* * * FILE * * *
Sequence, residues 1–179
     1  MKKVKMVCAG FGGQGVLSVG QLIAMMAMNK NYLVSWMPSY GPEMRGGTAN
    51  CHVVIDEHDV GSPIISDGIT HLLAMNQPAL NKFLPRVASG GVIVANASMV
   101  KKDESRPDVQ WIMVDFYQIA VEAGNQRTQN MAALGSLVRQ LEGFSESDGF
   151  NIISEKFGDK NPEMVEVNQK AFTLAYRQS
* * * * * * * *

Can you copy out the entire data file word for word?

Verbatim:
Sequence, residues 1–179
     1  MKKVKMVCAG FGGQGVLSVG QLIAMMAMNK NYLVSWMPSY GPEMRGGTAN
    51  CHVVIDEHDV GSPIISDGIT HLLAMNQPAL NKFLPRVASG GVIVANASMV
   101  KKDESRPDVQ WIMVDFYQIA VEAGNQRTQN MAALGSLVRQ LEGFSESDGF
   151  NIISEKFGDK NPEMVEVNQK AFTLAYRQS